NVIDIA held its annual GTC during which it announced the company’s first data center CPU, Grace, that is built on Arm technology and targeted at HPC and AI applications such as large language models. It is expected to become available in 2023 as a means of complementing their GPU offerings as a co-processor. NVIDIA also announced a partnership with AWS and Ampere Computing to expand Arm into the cloud, along with Omniverse, a cloud-native GPU-based simulation platform for 3D virtual worlds and science. For more announcements, check out this summary post. 
While the shortage of semiconductors continues, the sales of wafer processing equipment that is required to manufacture chips have surged to an all-time record of $71B in 2020, up 19% from the year before (along with the companies’ respective share prices). The driver is China’s domestic fab industry, the massive investments by TSMC and Samsung Semiconductor, and the rising costs of lithography equipment. 
Cerebras released their second-generation wafer-scale engine, which comes in with 2.6 trillion transistors on TSMC’s 7nm process. Compared to its first-gen system, everything is 2x greater: cores, transistors, density, onboard SRAM, memory, and fabric bandwidth. 
🏭 Big tech
Since disclosing its focus on trucking versus passenger transport, Aurora announced its collaboration with Volvo trucks. The Swedish automotive giant formed an Autonomous Solutions business to develop Level-4 trucks and will make use of the Aurora Driver and the company’s 300m LiDAR solution.
Meanwhile, in the UK, the government said that it has “set out” how to legally define automated lane-keeping systems that could go live on public roads by the end of 2021. 
Cloudflare has built up a huge edge network in over 200 cities worldwide and four years ago launched Workers, which lets developers write code that gets deployed to that edge network. Now, the company is opening this functionality up to AI-based workloads too by extending support for NVIDIA GPUs and TensorFlow. If computing is to become ubiquitous, this move is a really powerful one. It breaks the paradigm of running expensive AI services in a centralised server or in limited regions, and instead pushes models to Cloudflare’s edge network.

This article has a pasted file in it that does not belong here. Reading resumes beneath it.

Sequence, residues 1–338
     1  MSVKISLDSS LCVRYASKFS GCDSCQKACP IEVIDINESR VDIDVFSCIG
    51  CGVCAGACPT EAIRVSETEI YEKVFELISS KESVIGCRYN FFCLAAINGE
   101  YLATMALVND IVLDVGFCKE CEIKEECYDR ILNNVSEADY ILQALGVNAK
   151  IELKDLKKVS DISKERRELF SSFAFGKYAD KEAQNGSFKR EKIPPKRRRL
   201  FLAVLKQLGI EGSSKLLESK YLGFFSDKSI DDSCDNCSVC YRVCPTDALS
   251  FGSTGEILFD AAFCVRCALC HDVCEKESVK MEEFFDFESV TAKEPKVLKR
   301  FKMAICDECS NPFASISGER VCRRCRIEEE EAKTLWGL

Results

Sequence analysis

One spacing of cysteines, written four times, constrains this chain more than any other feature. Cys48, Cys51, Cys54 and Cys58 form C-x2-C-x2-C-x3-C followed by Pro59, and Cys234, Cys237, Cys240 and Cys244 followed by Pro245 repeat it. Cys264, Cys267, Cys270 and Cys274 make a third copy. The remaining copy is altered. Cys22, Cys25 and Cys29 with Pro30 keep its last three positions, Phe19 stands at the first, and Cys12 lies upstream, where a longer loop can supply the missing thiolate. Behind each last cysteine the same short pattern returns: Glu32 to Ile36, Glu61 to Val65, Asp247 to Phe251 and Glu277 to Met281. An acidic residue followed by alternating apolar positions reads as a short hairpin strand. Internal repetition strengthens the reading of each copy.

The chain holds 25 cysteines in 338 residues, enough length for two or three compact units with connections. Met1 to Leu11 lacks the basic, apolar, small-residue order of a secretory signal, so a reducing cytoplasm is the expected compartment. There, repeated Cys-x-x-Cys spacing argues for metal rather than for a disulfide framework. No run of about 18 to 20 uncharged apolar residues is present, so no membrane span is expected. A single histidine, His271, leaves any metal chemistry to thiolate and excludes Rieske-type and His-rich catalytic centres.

The Generalist featured a great end-to-end story of UiPath, the enterprise robotic process automation company. 
Samy Bengio, a well-known senior Google machine learning research manager resigned from the company in the wake of the firing of Timnit Gebru and Margaret Mitchell. Bengio oversaw the ethical AI team. He has since joined Apple in a senior role where he will head up a new AI research team.
Here’s a selection of impactful work that caught my eye, grouped into categories:
How medical AI devices are evaluated: limitations and recommendations from an analysis of FDA approvals, Stanford. This study went through the process of aggregating 141 FDA-approved AI device filings to report on how each device was evaluated in the process. They find that many FDA-approved AI devices were only tested on passive data from a handful of sites, which might not provide sufficient patient population coverage to be robust upon deployment. The data is visualized here.
Extraction of organic chemistry grammar from unsupervised learning of chemical reactions, IBM Research Europe and Cambridge, University of Bern. In organic chemistry, we all learn about atom mapping, which is how atoms rearrange during a chemical transformation. It’s not fun and requires lots of rote memorization. In this work, Philippe Schwaller and colleagues apply transformers to this problem. Their model learns the task of atom-mapping by making use of unmapped reactions on the self-supervision task of predicting the randomly masked parts in a reaction sequence without any human labeling or supervision. The training set is reactants and products represented as SMILES strings. You can read more in this blog post
Efficient large-scale language model training on GPU clusters, NVIDIA, Stanford, MSR. Masters of scalable high-performance computing, NVIDIA, demonstrate how to use different types of parallelism methods (model, pipeline, and data parallelism) to overcome the scaling challenges with training large language models. Their method produces a 100x increase in the size of the models that can be efficiently trained across thousands of GPUs. The paper describes a 1 trillion parameter model trained on 3,072 GPUs with an almost 50% increase in the per-GPU throughput. 
International control of powerful technology: Lessons from the Baruch Plan for nuclear weapons, Oxford. The drumbeat of ethics and the existential risks of AI is clearly amplified in recent years. History has a lot to teach us about how humanity behaves when it confronts new technologies with extensive capabilities. This paper draws on the development and attempted governance of dual-use nuclear technology for lessons on how to potentially handle general AI. The authors write, “radical levels of cooperation become more feasible…[when] the gains from coordination are tremendous, the losses from failed coordination terrible, and where most actors’ long-term interests are aligned.”
Retrieval augmentation reduces hallucination in conversation, Facebook AI Research. Large language models store knowledge from training data implicity in their model weights. However, they are well known to often “hallucinate” whacky responses that look plausible but are factually incorrect. The authors apply neural-retrieval-in-the-loop for retrieval-augmented generation as a means of resolving these hallucination problems on open-ended dialogue tasks.